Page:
Friday, February 1, 2008

What is Dramaturgy? By Elizabeth Pool

Elizabeth Pool, our Resident Dramaturg, clears it up for us.

At a recent talk back one of our inquisitive audience members asked the question I get asked quite often – what is a Resident Dramaturg? It’s a question I am used to answering from friends, family members, and perceptive audience members! I like to think of my job as making a play accessible to whoever comes in contact with it, everyone from actor to audience member. In rehearsal, I provide information to actors and directors that underscore the understanding of context – historical context, geographical context, and social context. For example, with a play like The Glass Menagerie, it might help the cast understand their characters place in the world by understanding a bit about life in St. Louis in the 1930s. I also hope to make the play accessible to the audience through tools like program notes and lobby displays. I try to ask the question: What information can be shared about the playwright or play that will make this piece more accessible to YOU, the audience member? I look forward to generating more conversation with you as the season unfolds.

Thoughts on a Quick Trip to Tucson, by Elizabeth Pool.

By Elizabeth Pool, Resident Dramaturg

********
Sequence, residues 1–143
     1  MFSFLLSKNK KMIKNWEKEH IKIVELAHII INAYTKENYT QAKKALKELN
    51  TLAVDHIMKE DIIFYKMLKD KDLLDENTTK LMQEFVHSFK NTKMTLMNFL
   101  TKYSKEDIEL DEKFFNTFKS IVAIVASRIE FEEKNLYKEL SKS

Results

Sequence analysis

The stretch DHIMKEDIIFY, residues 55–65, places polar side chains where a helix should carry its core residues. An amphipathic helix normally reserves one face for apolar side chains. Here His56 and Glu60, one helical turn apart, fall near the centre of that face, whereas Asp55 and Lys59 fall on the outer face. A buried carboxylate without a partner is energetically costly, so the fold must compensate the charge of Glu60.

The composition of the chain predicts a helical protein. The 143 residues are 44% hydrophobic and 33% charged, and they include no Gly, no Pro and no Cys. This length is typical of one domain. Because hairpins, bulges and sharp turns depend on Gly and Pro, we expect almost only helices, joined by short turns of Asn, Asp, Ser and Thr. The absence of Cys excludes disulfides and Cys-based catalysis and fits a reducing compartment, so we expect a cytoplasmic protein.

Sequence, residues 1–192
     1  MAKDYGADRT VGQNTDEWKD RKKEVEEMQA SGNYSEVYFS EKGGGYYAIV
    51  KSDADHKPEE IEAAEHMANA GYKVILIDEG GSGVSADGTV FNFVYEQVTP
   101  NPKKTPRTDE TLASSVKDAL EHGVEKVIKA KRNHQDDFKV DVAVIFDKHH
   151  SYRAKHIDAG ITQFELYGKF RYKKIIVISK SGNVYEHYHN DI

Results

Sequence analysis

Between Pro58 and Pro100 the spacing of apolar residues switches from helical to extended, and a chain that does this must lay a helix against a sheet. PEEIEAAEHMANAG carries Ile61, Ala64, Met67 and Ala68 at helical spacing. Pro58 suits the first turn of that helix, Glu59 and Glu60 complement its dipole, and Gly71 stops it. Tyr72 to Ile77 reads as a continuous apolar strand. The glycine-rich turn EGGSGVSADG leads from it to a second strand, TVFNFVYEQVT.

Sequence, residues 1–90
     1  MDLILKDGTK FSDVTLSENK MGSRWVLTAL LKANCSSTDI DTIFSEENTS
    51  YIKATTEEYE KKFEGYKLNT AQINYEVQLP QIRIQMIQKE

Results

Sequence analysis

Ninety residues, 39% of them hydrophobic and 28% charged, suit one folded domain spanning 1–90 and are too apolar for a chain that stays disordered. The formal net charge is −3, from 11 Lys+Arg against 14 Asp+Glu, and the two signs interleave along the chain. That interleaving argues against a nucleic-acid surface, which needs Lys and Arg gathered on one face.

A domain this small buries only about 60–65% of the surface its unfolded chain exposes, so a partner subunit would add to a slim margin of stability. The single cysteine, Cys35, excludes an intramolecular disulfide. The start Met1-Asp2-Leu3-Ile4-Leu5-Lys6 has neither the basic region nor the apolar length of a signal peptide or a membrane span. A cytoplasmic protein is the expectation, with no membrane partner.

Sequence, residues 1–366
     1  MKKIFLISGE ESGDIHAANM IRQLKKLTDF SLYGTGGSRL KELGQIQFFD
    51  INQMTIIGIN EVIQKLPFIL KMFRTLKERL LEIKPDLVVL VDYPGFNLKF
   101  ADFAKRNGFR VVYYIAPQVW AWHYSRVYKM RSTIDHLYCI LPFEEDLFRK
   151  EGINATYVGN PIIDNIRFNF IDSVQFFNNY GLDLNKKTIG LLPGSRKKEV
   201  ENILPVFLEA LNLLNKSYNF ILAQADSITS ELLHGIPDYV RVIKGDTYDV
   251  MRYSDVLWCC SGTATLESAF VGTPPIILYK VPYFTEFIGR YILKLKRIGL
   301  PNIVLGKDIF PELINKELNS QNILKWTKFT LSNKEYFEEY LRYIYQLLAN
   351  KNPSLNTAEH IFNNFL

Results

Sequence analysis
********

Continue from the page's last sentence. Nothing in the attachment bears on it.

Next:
In mid-January I had the opportunity to visit the University of Arizona and meet with their undergraduate and graduate candidates in dramaturgy. The idea was to talk for an hour with the students about the process of dramaturging adaptations as well as general discussions about launching a career as a dramaturg. The students were professional, enthusiastic, and creative. I was extremely impressed with the exuberance they brought to their work and the commitment they had to dramaturgy. Their portfolios were bursting with snapshots of lobby displays (so imaginative they bordered almost on installation art), extensive writing samples, and thorough research. Dramaturgy can be a fairly solitary pursuit and it was inspiring to be around such an engaged group of people. As I was flying home from Tucson, on a clear day and above some pretty spectacular mountains, my thoughts wandered to these students and their abundance of “Big Ideas.” They reminded me that theatre and the creation of art can be exuberant, intelligent, and graceful all at the same time.